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What's there to give Bernie?

MSNBC's Joe Scarborough, who's gone from Donald Trump courtesan to self-appointed chief Trump prosecutor within about 24 hours, hammered Trump again this morning with his cast serving as Greek chorus and echo chamber. He's turned around as quickly as the Cleveland Cavaliers, who creamed Golden State after two shellackings. Trump, he said this morning, is an "absurd" person "who doesn't want to learn from anybody." "Republicans who remain quiet and tacitly stand behind Trump damage the party's brand so badly that not only does Hillary become president but they also lose the Senate and also get slaughtered in the House." He even joked (lamely) about Trump's own bigotry being akin to Scarborough making anti-Scottish remarks about Trump about Scots playing golf and bad cooking. Ah, no, not quite.

The Trump fixation even included Hugh Hewitt, the conservative talk host with the look of a genial tenured college humanities professor. He claims he's been an even-handed "Switzerland" until now but that Republican Convention rules should be changed to dump Trump. (Politico) Yes, a slice of the a well-compensated conservative media establishment is in high dudgeon. Whether down-on-their-luck working class Trump supporters in Southern Illinois or Western Pennsylvania are similar moved is unclear, maybe even unlikely.

But if you had a SWAT team, you could find another important matter being bandied about: Bernie Sanders' Oval Office meeting today with President Obama to discuss his future. Obama will "delicately nudge the losing Democratic presidential hopeful toward a full embrace of Hillary Clinton’s candidacy." (The New York Times) On CNN, Errol Louis this morning said, "Who knows what dams and water projects in Vermont" Obama might offer in return for Bernie's Clinton loyalty. Ah, that's unlikely, too. Mark Preston rightly noted, "Senator Sanders owes nothing to President Obama."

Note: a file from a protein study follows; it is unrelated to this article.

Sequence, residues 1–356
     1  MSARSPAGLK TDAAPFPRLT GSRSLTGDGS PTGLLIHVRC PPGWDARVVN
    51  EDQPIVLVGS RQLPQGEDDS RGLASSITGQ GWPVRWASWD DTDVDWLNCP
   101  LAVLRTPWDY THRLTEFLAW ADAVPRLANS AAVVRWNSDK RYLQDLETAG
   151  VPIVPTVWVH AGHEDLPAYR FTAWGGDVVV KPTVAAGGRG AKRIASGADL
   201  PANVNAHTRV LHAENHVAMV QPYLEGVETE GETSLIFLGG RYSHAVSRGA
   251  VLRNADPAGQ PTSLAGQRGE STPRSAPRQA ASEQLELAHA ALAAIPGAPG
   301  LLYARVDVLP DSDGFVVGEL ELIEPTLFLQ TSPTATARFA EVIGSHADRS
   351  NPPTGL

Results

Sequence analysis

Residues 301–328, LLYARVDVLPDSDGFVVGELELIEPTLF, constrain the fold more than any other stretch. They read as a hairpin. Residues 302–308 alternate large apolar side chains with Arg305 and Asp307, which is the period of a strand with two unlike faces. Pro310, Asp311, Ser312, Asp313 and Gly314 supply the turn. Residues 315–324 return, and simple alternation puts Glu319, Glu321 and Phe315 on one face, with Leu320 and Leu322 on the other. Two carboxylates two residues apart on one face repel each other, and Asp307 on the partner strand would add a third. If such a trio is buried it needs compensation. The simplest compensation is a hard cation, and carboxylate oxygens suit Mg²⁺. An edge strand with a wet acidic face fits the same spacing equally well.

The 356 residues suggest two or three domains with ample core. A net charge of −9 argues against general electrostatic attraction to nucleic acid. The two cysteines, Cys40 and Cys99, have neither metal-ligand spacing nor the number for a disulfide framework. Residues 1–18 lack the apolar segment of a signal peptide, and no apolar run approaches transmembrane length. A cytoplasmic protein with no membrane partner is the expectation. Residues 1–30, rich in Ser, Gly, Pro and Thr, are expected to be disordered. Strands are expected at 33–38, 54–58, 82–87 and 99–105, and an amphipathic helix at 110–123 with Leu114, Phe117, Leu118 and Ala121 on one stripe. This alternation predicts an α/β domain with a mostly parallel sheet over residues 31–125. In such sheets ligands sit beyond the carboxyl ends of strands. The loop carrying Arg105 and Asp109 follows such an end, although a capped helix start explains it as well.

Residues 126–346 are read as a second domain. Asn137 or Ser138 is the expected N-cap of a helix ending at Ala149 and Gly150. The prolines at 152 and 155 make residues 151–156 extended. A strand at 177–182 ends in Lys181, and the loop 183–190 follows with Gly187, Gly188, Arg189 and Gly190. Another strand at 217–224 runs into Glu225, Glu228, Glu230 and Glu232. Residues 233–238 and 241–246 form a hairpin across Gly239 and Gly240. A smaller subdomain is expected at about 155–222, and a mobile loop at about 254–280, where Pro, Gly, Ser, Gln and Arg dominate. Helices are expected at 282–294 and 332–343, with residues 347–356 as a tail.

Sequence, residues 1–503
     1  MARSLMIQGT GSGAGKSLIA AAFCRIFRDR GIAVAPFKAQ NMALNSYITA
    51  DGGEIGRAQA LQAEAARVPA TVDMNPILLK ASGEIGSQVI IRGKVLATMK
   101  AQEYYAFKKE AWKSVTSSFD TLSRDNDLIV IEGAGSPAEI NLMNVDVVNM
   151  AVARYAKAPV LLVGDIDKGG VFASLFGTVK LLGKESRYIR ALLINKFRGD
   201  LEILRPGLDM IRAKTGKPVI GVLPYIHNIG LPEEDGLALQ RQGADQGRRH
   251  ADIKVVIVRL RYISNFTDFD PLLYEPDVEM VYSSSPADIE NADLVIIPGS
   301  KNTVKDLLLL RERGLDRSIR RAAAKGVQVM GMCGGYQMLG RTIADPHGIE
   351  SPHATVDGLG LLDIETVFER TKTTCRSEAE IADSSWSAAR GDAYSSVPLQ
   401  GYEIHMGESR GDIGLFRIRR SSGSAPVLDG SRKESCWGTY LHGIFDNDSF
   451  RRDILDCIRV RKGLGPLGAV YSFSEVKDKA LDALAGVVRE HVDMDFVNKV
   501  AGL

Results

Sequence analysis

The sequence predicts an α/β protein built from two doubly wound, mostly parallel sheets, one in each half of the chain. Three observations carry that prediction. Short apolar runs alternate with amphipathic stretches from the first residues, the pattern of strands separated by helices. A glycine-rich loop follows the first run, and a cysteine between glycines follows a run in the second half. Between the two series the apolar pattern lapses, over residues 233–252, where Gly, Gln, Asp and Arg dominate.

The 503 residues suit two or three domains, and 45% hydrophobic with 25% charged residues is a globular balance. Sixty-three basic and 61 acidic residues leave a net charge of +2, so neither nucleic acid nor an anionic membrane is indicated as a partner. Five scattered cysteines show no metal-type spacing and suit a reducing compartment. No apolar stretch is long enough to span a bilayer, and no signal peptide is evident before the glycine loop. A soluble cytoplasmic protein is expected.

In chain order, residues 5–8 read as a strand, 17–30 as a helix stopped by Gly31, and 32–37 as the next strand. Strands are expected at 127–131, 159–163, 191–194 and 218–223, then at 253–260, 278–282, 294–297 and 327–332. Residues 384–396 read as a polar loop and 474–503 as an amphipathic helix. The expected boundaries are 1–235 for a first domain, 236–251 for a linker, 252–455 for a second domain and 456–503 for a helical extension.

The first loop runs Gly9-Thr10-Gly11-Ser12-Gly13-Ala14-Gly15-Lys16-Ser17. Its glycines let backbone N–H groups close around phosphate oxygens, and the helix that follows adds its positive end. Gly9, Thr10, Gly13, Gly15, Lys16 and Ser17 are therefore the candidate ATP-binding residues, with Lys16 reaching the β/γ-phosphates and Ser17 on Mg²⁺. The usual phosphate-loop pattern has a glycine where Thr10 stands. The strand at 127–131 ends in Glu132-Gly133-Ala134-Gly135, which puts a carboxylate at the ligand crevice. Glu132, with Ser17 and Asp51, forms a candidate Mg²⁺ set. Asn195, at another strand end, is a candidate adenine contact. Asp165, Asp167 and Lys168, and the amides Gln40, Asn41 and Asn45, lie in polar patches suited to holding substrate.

But the media clearly is no longer feeling any Bern."Among the dead-enders in Bernieworld, Sanders is still the next president and Clinton is a fate worse than Trump." (Slate) "No one has sole ownership of idealism, or of bitterness, in this campaign. But there can be only one Democratic nominee in the end. Bernie knows that, too." (The New Yorker) "And Sanders can either lead them (acolytes) to work with Clinton for the ideas he believes in — or to nurse pointless grievances over a race Clinton won, fair and square." (The Washington Post)

Scott Pelley's uninspired Hillary interview

"CBS Evening News" anchor Scott Pelley shouldn't include his interview yesterday with Hillary Clinton on his personal highlight reel. It was very, very soft. When she was taking in the victory scene in Brooklyn Tuesday night, "What was going through your mind?" Or why do Donald Trump's supporters seem so "unshakeable?" Why do some many people have such an unfavorable opinion of her? (That prompted her patented blame-it-on-negative advertising response). And, "do you think we will look back on your choice of a running mate as conventional or unconventional?" That prompted her presumably exclusive disclosure that she doesn't know yet but she's looking for somebody really, really good. (CBS News)

Want to be a Vermont media kingpin?

The Hardwick Gazette's owner, Ross Connelly, is 71. His wife died three years ago, and he wants out. So he's holding an essay contest. Yes, 400 words (and a $175 entry fee) to explain why you've got the "skills and vision" to own a paid weekly paper in a town with a population of 3,000. The prize? The winner gets the newspaper! (Poynter) Given the state of the newspaper industry, I figured that a loser would get the paper. Whatever. It raises the prospect of similar gambits. What about 500 words on "What owner David Bradley should do with National Journal while he focuses his attention on The Atlantic" or "25 reasons you'd be a better choice to run Yahoo than Marissa Mayer?"

A deadly toll

The death of NPR's David Gilkey and Zabihullah Tamanna now makes it 1,193 journalists killed worldwide since 1992, according to the Committee to Protect Journalists. (CPJ) The Islamic State alone has been responsible for 27 killings since 2013. (CPJ)

An underground scoop at Bloomberg